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Posted 31 Mar 2011

Cascading Dropdown Lists with jQuery (Parent/Child Select Options)

, 2 Apr 2011
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Cascading Dropdown Lists with jQuery (Parent/Child select options)

Recently, I was tasked with merging 3 similar screens into one. I took stock of the commonalities and decided a Category and Subcategory dropdown list would suffice. As you’d expect, the contents of the Subcategory dropdown depend on the selected Category. Obviously, I wanted to avoid postbacks so I first looked to the Ajax Control Toolkit’s CascadingDropDown extender to link the parent to the child. In my case, there were only a dozen subcategories so a webservice seemed like overkill.

After attending Tech-Ed 2008 and seeing Microsoft throwing its weight behind jQuery, I decided to have a look. So what follows is my first foray into jQuery and I’m quite pleased with the results.

First, we define an enum in the codebehind which can be used for bitwise operations.

public enum Category
Invoice     = 1,
Order       = 2,
Shipment    = 4   //Fourth item would be 8, then 16, 32, …

Next, I wanted to be able to use the enum to specify the Category (only specifying one) and Subcategory items (bitwise OR any combination).

_DropDownCategory.Items.Add(GenerateListItem("Orders", Category.Order, false));
_DropDownCategory.Items.Add(GenerateListItem("Invoices", Category.Invoice, false));
_DropDownCategory.Items.Add(GenerateListItem("Shipments", Category.Shipment, false));
_DropDownSubcategory.Items.Add(GenerateListItem("Purchase Orders", 
    Category.Invoice | Category.Order | Category.Shipment, false));
_DropDownSubcategory.Items.Add(GenerateListItem("Quote Number", Category.Order, false));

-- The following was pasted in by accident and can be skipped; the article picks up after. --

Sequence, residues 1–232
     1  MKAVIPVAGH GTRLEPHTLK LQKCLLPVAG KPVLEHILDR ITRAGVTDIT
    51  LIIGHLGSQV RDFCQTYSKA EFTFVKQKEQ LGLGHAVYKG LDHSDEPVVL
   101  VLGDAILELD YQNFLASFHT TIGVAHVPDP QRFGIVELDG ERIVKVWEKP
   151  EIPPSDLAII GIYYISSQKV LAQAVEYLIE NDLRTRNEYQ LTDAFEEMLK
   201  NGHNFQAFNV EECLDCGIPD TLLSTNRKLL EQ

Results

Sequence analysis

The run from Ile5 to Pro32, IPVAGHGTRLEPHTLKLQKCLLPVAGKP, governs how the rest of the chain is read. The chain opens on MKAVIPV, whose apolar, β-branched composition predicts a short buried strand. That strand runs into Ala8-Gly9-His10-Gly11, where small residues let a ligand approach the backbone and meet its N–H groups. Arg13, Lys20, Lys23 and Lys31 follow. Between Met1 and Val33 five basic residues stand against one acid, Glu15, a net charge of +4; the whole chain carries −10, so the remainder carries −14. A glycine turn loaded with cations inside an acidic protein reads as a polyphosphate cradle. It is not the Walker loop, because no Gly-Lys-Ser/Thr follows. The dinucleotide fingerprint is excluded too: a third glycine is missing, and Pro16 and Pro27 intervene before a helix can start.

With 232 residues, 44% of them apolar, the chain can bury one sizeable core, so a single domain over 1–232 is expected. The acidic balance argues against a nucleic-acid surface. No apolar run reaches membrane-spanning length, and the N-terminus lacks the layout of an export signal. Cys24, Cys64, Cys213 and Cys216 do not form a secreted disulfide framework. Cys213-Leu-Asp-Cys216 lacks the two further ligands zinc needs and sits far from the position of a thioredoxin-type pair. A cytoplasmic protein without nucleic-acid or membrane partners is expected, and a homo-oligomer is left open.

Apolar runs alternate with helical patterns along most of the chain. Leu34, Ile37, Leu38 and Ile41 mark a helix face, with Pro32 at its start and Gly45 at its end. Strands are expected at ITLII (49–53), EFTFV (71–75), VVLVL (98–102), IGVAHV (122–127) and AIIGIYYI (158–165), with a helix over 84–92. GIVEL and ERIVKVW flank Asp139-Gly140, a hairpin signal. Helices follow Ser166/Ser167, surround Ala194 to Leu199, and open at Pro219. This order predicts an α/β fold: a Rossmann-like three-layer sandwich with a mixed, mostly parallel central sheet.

_DropDownSubcategory.Items.Add(GenerateListItem("Customer Project Number", 
    Category.Shipment, true));

The enum was converted to a number and added as a custom attribute to the new list item in GenerateListItem():

li.Attributes.Add("Category", ((int)eCat).ToString());

Enter jQuery, first we’re going to need to keep a copy of all the available Subcategory items. Each time we change the Category, we will be showing a subset of this array which we must keep separate in memory.

var optSubCat = null;
$(function() {
//Make a copy in memory of all the subcat options
optSubCat = $("#_DropDownSubcategory").children().clone();
//Default subcat to "Orders"

Then, we need an event to fire when the Category is changed.

$(function() {
.bind("change", function(event) {
var eCat = this[this.selectedIndex].attributes("Category").value;

Note how jQuery allows us to wire up DOM events after the fact to our .NET controls. Here, we add an onchange event dynamically rather than injecting this via the codebehind which forces us to put JavaScript code in the wrong place. All we’re doing is pulling the value of the enum from the selected Category and then passing it to a function which will update the Subcategory items.

function ddSubcategoryUpdate(eCat) {
//Remove all items from drop down
//For each subcat item: test if it belongs in eCat, if so add it
$(optSubCat).each(function() {
if (($(this).attr("Category") & eCat) > 0) {

And finally, in the if statement, we see we test each Subcategory item previously saved in memory to see if it matches the enum value of the Category.

What we’ve ended up with is a very powerful yet simple mechanism for cascading dropdowns using enums in our codebehind. It’s easier to wire up than what the Ajax Control Toolkit provides, it's all script so the UI looks good, and while this could have been done in straight JavaScript, it demonstrates the power and simplicity of the jQuery library.


This article, along with any associated source code and files, is licensed under The Code Project Open License (CPOL)


About the Author

Architect Avaya Inc.
Ireland Ireland
Formerly a C++ client developer, nowadays I'm all about C# and ASP.NET. Over the years I have mastered some and played with many aspects of .NET.

Follow my blog as I catalogue the more arcane problems I encounter and their solutions at

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